Real estate transactions in the UAE are up by 18 percent so far this year, bucking the trends seen during 2015, according to property agent Allsopp & Allsopp.
While reports from developers and analysts indicate Dubai’s real estate market has seen prices drop over the past 18 months with the trend likely to continue in 2016, the agency said in a new report that transactions are up and the state of the market is in line with expectations.
Figures released by Allsopp & Allsopp also showed month-on-month growth in transactions over the last 12 months has increased by 12 percent.
These figures support data released by Dubai Land Department last week showing more than AED68 billion of deals was struck in the first 53 days of 2016, while the department predicts a total AED300 billion ($81.6 billion) of transactions over the course of the year.
Allsopp & Allsopp’s CEO, Lewis Allsopp, said: “There are two distinct property markets in Dubai – the investment market and the end-user market. While the investment market is constantly analysed and discussed in media, and yes prices are down, it’s a fact transactions are up, especially in the end-user market.
“What we’re seeing here is the evolution of a mature property market, where people are buying homes to live in after renting for a few years, then going on to sell those homes and upgrade to larger properties, creating a mature property cycle. It’s a fact people are buying homes.”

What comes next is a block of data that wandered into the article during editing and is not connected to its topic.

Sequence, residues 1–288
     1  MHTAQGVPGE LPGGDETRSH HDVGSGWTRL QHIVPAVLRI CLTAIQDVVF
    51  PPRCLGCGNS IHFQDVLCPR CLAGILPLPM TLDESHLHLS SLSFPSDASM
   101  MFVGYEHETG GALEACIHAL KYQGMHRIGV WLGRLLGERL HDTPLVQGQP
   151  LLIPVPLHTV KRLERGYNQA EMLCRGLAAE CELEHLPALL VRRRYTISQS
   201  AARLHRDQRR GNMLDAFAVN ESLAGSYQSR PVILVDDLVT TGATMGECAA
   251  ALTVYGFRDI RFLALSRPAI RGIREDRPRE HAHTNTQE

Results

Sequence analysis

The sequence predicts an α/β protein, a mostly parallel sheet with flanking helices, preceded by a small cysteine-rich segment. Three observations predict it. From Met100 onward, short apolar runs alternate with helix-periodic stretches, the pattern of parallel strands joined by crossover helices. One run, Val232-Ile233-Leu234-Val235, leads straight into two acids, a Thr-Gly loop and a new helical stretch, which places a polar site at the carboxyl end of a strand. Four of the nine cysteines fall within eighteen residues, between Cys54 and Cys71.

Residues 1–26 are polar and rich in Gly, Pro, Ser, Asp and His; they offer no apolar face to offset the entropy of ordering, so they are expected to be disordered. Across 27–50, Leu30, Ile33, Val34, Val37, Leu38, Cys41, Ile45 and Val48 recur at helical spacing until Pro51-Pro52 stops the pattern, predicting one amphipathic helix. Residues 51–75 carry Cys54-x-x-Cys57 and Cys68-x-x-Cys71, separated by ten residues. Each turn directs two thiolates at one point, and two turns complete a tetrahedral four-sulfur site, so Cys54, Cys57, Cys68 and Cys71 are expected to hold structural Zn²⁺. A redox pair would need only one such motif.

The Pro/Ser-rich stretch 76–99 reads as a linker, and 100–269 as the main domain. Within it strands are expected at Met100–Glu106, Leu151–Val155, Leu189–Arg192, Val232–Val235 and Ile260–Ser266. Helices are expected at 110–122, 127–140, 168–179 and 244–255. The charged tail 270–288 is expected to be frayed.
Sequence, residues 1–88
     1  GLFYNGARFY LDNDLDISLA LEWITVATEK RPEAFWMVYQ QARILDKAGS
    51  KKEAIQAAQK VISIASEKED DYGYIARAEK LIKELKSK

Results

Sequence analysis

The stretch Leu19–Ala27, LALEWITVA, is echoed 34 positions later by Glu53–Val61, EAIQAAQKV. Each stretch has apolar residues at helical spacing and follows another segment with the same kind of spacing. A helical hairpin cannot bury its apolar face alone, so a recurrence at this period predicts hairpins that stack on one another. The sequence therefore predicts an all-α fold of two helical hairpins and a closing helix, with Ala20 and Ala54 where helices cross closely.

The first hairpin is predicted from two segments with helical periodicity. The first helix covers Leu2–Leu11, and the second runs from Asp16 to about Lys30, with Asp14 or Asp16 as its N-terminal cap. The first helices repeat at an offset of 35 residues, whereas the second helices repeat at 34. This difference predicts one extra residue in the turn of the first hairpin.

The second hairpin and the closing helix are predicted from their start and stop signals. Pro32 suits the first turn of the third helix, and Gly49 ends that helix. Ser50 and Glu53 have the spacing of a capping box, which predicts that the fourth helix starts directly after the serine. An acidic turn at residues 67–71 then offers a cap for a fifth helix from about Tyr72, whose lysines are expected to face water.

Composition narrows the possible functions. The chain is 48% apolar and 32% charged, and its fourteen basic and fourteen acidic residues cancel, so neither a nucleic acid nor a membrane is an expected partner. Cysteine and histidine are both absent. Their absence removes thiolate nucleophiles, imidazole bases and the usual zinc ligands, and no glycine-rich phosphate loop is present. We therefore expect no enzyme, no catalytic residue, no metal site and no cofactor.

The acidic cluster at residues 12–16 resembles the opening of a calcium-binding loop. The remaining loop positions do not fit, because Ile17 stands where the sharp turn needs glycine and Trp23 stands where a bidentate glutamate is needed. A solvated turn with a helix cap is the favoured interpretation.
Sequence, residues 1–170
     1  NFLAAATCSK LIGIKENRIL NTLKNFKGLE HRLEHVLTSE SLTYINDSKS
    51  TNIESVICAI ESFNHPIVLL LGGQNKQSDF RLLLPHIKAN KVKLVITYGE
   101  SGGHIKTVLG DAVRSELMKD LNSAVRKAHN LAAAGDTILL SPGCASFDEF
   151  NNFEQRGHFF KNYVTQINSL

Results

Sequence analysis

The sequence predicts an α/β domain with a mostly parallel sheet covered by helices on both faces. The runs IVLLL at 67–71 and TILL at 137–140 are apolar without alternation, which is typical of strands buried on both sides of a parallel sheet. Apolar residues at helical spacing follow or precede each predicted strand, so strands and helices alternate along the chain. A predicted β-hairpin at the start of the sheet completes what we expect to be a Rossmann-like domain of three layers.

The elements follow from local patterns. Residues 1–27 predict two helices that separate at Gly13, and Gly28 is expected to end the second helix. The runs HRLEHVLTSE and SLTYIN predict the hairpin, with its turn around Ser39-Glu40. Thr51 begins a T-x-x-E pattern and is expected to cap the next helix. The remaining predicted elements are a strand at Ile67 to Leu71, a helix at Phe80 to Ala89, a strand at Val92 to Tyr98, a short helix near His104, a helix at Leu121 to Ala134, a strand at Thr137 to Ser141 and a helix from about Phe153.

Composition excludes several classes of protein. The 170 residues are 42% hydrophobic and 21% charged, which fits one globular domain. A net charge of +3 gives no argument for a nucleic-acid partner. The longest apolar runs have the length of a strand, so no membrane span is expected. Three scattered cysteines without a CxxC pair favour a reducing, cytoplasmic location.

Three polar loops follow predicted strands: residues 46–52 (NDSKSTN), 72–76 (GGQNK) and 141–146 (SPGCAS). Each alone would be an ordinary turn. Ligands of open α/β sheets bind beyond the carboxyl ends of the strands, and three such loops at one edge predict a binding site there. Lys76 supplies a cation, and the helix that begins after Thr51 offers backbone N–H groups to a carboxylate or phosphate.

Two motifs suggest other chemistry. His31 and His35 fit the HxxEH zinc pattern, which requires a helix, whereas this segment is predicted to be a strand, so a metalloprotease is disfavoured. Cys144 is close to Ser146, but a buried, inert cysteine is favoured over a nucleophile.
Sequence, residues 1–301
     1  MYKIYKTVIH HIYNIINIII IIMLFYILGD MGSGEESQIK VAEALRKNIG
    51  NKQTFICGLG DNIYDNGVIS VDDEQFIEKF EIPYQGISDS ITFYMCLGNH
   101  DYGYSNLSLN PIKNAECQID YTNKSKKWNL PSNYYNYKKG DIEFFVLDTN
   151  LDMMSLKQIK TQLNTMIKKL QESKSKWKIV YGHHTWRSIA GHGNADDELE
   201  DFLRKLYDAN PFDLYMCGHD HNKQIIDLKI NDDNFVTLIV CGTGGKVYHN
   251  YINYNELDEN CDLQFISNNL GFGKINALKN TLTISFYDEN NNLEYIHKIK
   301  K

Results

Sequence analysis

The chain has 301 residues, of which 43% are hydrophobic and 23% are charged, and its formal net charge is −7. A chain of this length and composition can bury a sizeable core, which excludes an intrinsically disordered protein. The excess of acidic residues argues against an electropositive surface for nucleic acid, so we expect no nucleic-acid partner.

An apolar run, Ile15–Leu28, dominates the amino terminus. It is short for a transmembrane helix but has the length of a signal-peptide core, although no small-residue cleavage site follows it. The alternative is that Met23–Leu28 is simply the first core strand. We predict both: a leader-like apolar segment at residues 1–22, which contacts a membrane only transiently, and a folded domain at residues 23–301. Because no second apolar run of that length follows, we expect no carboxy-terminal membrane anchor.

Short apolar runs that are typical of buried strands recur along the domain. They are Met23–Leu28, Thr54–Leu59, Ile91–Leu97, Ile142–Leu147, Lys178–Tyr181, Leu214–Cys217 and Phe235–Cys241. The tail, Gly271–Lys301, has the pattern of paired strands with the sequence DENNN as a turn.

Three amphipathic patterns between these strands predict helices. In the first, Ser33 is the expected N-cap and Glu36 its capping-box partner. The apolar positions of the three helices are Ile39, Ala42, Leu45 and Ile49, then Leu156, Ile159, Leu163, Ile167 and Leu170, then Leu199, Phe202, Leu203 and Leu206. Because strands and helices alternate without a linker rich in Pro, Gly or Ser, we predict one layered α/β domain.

He said that while oil prices have a macro effect on markets and play a major role in the dynamics of the region, he questioned the effect this has on the retail property market.
“It’s important when talking publicly about the property market we segregate the markets into investment and off plan sectors versus end users and ready properties. Oil plays a bigger factor in the investment market, as like oil, gold and many other investments, property, especially an off plan purchase, is generally motivated by turning a profit. Based on the conversations and speculation we’re currently seeing in the market it’s no surprise investors are holding back to see how markets react,” he added.
Allsopp said the real estate market declined last year due to regulations and measures put in place by the Dubai government after 2008 to prevent another bubble and major correction.
Loan to value rates were decreased to 65 percent for purchases over AED5 million, meaning buyers need to have over a third of the property’s value in cash to buy a property. Off plan buyers are also asked to pay an additional registration fee of 4 percent of the contract value at the time of booking and increased transfer fees of 4 percent, up from 2 per cent previously when buying from a developer.
“These measures were put in place for a reason and they are doing the job they’re supposed to do, which is to stabilise the market and prevent another bubble. What we’re seeing now with the decrease in sale prices is the result of a regulated market acting as it should. The fact we’re seeing an increase in sale transactions is further proof of this,” Allsopp said.